Present Moment Wonderful Moment: Mindfulness Verses for Daily Living by Thich Nhat Hanh

Present Moment Wonderful Moment: Mindfulness Verses for Daily Living
Present Moment Wonderful Moment: Mindfulness Verses for Daily Living by Thích Nhất Hạnh
My rating: 5 of 5 stars

Last month I attended a women’s retreat. At the retreat center, they had these little cards up all over the building with these great little meditations on daily living. All day, the meditations prompted me to pause and reflect as I washed my hands or looked in the mirror or took a step outside the front door. I loved the feeling of calm they facilitated.

My friend and I asked the women in charge of the retreat center where the cards were from, and they said they were Thich Nhat Hanh meditations, but the cards were out of print. Through the magic of the internet, I found out the meditations were from Present Moment Wonderful Moment and managed to find two sets of the cards and a copy of the book. I gifted one set of the cards to my friend and kept the other set intending to put them up around my house. But when my eight-year-old daughter saw the book, she independently suggested that we make pretty, hand-written cards to put up around the house. So we did.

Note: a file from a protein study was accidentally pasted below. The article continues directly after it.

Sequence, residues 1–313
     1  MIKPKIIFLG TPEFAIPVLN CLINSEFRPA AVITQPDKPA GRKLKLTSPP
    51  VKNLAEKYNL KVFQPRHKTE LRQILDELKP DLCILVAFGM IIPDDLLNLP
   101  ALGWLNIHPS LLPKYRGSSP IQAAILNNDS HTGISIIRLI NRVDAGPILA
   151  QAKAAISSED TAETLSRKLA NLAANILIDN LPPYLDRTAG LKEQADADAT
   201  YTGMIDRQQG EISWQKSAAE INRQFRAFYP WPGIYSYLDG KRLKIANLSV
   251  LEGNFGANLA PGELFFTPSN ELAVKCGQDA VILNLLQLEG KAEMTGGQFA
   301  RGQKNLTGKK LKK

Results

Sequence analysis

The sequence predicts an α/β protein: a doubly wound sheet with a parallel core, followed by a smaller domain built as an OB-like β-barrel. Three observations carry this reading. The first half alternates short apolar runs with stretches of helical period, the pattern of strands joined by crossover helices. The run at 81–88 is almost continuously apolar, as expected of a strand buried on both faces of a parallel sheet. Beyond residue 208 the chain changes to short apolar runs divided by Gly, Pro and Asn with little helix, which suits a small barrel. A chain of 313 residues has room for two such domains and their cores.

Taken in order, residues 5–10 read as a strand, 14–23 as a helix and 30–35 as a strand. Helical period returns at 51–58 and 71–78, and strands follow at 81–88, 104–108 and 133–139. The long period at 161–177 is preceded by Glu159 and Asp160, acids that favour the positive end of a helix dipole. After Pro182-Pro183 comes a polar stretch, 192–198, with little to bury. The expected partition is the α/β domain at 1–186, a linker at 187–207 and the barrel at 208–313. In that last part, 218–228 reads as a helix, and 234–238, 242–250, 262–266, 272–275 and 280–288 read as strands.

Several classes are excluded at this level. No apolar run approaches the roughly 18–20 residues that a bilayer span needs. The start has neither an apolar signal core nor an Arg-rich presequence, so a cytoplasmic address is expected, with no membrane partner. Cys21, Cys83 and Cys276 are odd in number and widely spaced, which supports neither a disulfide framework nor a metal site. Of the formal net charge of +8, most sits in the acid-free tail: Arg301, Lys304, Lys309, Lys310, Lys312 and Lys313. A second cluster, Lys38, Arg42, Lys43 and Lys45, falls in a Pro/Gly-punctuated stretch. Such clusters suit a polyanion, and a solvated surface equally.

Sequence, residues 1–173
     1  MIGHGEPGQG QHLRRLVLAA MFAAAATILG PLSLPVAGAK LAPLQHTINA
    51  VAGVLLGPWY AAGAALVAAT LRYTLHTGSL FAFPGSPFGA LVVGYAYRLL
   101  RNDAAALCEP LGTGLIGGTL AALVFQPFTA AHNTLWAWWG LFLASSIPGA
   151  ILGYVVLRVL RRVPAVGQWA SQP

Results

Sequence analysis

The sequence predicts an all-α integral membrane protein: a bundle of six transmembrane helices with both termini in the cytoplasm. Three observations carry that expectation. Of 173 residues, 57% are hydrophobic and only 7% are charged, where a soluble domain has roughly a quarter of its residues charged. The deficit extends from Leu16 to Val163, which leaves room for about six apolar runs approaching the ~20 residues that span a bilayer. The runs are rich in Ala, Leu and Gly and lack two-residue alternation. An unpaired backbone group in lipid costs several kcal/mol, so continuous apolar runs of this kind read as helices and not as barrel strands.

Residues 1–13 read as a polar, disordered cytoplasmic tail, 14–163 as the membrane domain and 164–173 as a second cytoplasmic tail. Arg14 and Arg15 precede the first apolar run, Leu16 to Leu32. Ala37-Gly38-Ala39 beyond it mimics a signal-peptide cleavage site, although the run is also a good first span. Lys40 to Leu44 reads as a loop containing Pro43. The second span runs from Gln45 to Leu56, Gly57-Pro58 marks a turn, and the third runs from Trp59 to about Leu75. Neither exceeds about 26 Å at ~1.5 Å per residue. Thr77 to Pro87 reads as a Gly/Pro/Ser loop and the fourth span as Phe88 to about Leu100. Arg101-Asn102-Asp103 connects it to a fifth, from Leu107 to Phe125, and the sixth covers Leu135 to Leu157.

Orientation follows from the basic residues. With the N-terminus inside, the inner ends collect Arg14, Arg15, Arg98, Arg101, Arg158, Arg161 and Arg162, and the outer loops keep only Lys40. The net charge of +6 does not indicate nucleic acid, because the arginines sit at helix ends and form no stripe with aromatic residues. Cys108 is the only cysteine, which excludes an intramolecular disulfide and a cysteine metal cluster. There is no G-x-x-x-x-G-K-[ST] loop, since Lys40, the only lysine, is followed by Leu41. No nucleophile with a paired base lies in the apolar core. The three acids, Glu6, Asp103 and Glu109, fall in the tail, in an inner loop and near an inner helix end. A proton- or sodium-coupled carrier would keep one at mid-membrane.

One afternoon, we used a paper cutter and some pretty card stock my daughter got as a gift a couple of years ago and made eight cards, four for her and four for me, to put up around the house. We each have the Waking Up meditation by our beds, and I have the Ending Your Day one by my bed, as well. She has the Opening the Window on her bedroom window, the blinds of which she opens every morning first thing so she can look outside and read her meditation. We also have the Washing Your Hands, Looking in the Mirror, and Brushing Your Teeth meditations on our bathroom mirrors. We are enjoying them so much, we plan to make more.

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It’s apparent that we need to investigate other gluing options for the silver paper, but even with their imperfections, I like our little cards.

This is a gem of a book, and I love how it’s brought these moments of mindfulness to our days. I don’t know if it’s directly attributable to the book, but since we put up the meditations, my daughter has been joining me for a short sitting meditation every morning. It’s such a lovely way to start our day! (And our cat Owen must think so, too. Every morning he climbs into my daughter’s lap and offers her a purring meditation.)

The only thing missing from this book is a meditation for when my kids are squabbling over something that seems incredibly tiny to me.

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The Gift Of Faith: Tending the Spiritual Lives of Children by Jeanne Harrison Nieuwejaar

Gift Of Faith: Tending the Spiritual Lives of Children
The Gift Of Faith: Tending the Spiritual Lives of Children by Jeanne Harrison Nieuwejaar
My rating: 4 of 5 stars